The new immigration policies, and changes, put forward during the last Trump administration, policies that—even though many were subsequently blocked or tied up in the courts—Trump and Miller have promised to bring back and expand in a second Trump term, include the following, and it’s a grim list: the travel ban that targeted even potential tourists from seven countries, most of which were majority Muslim; the termination of DACA, the popular Dream Act, offering protections and rights to young people brought to the United States as children; the ending of Temporary Protected Status, for migrants from unsafe countries such as El Salvador, Honduras, and Haiti, many of whom have been residing in the United States, working, starting families and businesses, paying taxes, for at least 20 years now; the “Remain in Mexico” policy, which denied people who have passed credible fear interviews the right to await the processing of their asylum claims here; the Covid-era closing of the border to asylum claims, the reinstating of which a new Trump administration would supposedly justify by arguing that migrants bring other infectious diseases; the denial of Fourth Amendment rights to undocumented migrants, encouraging Immigration and Customs Enforcement and other agencies to make warrantless arrests in private homes and carry out workplace raids; and the infamous child separation policies, which Trump has refused to disavow.

Let’s start with the border. The press has especially focused on Trump’s promise to round up undocumented immigrants in the United States, 10 million or more, and to place them in vast, militarized detention camps near the border, most likely in Texas, to await, without any due process, their deportations. Such an assault on normative human and legal rights is bound, of course, to be contested in the courts. But the Supreme and lower courts are expected to be far more favorable to Trump this time around.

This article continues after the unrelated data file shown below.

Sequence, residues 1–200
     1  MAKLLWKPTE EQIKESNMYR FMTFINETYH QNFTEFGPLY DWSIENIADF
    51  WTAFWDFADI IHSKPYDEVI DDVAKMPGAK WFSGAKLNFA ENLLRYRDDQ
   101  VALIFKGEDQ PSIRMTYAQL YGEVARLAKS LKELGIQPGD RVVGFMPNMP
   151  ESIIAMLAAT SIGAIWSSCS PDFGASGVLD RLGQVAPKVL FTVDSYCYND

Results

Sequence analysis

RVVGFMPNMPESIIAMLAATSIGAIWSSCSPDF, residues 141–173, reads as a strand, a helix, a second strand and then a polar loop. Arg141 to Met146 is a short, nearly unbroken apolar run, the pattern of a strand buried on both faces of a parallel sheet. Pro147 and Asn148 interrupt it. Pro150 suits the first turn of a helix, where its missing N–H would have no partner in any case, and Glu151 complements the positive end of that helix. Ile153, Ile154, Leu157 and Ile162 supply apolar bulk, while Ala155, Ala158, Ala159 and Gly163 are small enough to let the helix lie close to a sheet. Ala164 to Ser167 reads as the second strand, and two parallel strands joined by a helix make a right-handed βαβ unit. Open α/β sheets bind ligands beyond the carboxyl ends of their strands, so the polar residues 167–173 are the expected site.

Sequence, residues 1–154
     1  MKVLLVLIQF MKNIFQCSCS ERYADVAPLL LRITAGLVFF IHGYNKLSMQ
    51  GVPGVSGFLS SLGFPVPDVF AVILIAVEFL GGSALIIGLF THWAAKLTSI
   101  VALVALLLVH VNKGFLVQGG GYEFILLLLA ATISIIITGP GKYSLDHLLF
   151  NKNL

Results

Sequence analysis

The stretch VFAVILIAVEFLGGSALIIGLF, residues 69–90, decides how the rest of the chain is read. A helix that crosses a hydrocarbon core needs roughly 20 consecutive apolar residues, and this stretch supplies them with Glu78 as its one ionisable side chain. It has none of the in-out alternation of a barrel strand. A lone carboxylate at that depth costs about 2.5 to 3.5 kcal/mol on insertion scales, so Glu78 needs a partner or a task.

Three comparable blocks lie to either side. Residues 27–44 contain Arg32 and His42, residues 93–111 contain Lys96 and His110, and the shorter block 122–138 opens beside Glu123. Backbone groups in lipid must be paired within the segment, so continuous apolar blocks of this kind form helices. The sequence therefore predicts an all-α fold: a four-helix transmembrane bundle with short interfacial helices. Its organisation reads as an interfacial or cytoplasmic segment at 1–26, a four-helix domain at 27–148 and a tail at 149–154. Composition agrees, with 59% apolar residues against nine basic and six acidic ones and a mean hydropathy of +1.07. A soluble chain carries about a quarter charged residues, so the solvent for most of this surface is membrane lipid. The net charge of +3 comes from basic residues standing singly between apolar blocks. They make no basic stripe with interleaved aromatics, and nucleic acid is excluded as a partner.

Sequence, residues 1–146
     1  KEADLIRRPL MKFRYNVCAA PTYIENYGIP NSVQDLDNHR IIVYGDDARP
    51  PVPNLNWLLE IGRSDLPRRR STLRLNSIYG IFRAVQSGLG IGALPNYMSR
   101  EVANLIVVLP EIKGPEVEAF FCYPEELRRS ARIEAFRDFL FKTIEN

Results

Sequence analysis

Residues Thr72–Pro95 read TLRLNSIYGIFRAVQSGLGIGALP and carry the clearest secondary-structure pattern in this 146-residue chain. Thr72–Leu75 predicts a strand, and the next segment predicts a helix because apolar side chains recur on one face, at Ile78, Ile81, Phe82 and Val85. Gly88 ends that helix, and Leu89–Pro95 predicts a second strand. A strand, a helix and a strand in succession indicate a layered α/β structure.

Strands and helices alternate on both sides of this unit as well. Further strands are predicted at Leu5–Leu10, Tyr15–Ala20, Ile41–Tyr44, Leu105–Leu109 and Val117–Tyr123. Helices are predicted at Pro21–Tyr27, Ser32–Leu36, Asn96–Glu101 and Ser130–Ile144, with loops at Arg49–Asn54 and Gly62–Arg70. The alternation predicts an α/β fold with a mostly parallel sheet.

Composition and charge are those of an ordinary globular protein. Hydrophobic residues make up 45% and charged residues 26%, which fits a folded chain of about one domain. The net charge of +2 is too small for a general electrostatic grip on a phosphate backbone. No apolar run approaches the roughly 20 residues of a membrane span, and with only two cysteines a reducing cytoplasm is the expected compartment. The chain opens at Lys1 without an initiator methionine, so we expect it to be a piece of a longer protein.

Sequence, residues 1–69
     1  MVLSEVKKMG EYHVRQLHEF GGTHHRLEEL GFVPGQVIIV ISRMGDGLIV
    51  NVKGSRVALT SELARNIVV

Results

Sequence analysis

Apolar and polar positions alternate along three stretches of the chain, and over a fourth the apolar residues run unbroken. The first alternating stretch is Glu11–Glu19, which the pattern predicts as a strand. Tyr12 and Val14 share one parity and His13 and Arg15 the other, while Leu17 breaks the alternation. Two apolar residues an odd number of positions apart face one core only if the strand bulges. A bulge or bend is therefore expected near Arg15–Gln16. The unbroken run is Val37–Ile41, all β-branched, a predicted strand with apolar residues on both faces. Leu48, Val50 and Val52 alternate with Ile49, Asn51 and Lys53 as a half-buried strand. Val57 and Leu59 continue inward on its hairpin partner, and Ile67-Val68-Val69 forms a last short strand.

Much of the U.S. side of the border, then, would become a militarized landscape with bleakly sanitized detention camps warehousing and hiding from outside view the suffering of millions of adults and children removed from their homes to be sent back to countries many no longer know at all. Families will be divided, with U.S.-born children often left behind. Just as during the last Trump administration, some deportees will meet violent deaths at the hands of the same organized, criminal forces they or their parents originally fled. “Remain in Mexico” having been ruled illegal by Mexican courts, it’s harder to exactly foresee what awaits there. But, as before, migrants may mass in border cities with conditions like those of refugee camps. Denied access to asylum, the desperate families and children will seek out ever more dangerous crossings. Already, record numbers of dead migrants are being found in remote parts of West Texas and New Mexico. As president, Trump spoke admiringly of Israel’s separation walls and proposed that U.S. troops shoot migrants in the legs “to slow them down.” Perhaps now courts will bow to his wishes.